“We have reached Hyderabad, India,” said the flight attendant, “We hope your stay here is enjoyable.” India had always been a paradox to me. I was born there yet I did not feel a connection to the place. I was raised in a western world by parents deeply entrenched in the Indian culture. This confused me greatly since the traditions of the Indian culture frequently clashed with the ideals of the west. Therefore, I felt like I did not belong in India; my way of dressing was different, the way I talked was different, and even the way I composed myself was different. On the other hand, my parents were excited to be back in their homeland and happy to finally be able to show me the traditions and lifestyles of the native people.
Once we arrived at my grandmother’s house and were well rested, my uncle asked my sister and me if we wanted to take a trip to the local elementary school to distribute school supplies. Although the school was small and outdated, the students were very optimistic, and they took advantage of every opportunity offered to them. Many rural schools would not be able to continue without the regular assistance and donations of citizens such as my uncle. We were making it possible, even with our small contribution, for children to have a good education and, in turn, a successful future. Even though we supplied the students with tools for their education, the students provided me much more knowledge. The lessons that I acquired from the experience made me thankful for what I have, and taught me the power of one helpful hand.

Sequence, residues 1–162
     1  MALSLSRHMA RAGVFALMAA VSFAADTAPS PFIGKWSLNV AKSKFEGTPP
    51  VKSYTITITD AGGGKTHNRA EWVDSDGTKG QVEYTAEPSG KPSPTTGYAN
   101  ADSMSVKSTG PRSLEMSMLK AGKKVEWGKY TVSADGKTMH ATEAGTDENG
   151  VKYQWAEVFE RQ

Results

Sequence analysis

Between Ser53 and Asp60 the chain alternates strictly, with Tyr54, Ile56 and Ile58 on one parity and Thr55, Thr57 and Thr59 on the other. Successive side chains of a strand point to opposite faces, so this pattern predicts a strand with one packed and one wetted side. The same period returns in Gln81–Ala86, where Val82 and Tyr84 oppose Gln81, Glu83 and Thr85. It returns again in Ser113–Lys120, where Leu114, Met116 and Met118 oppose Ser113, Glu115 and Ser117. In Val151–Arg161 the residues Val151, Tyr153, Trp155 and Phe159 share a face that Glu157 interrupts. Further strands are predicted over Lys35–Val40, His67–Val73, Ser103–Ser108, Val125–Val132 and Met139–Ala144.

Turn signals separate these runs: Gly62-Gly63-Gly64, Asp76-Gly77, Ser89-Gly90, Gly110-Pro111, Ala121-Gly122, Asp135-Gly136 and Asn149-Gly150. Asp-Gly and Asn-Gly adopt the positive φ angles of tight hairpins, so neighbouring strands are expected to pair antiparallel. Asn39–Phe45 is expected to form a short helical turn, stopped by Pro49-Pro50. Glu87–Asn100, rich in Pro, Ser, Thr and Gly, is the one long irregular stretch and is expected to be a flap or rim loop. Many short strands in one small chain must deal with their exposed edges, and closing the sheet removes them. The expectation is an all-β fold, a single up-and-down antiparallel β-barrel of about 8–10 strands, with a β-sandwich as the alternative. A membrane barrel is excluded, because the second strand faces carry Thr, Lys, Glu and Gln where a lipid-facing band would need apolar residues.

The rest of the trip was even more enlightening. Everyday, I woke up at dawn and herded buffalo with my sister. It was an incredibly relaxing yet informative experience. Herding buffalo requires much more patience and perseverance than I originally thought. The buffalos disliked staying in the group and would unexpectedly run away. When they tried to leave, I would chase after them with sticks to get them back in the group. This actually frightened them even more and caused them to run further away. I eventually learned that if I was patient, they would come back on their own accord.
The most important lesson I learned in India was simple: how to appreciate and enjoy life. I could enjoy a day by lying under a shady tree and listening to the sounds of nature. It was simple yet so peaceful and pleasurable.
I was reluctant to leave India but I was happy that I learned and experienced so much on my trip. The lesson I learned from the school children has inspired me to pursue a career as a doctor. I want the ability to heal someone and take them out of their pain because I believe doing so is the greatest accomplishment one can hope to achieve. The buffaloes taught me that I should not jump to conclusion but be patient and understand situations before I act. And lastly, that there was no need to look for enjoyment since it was all around me, I just had to notice it.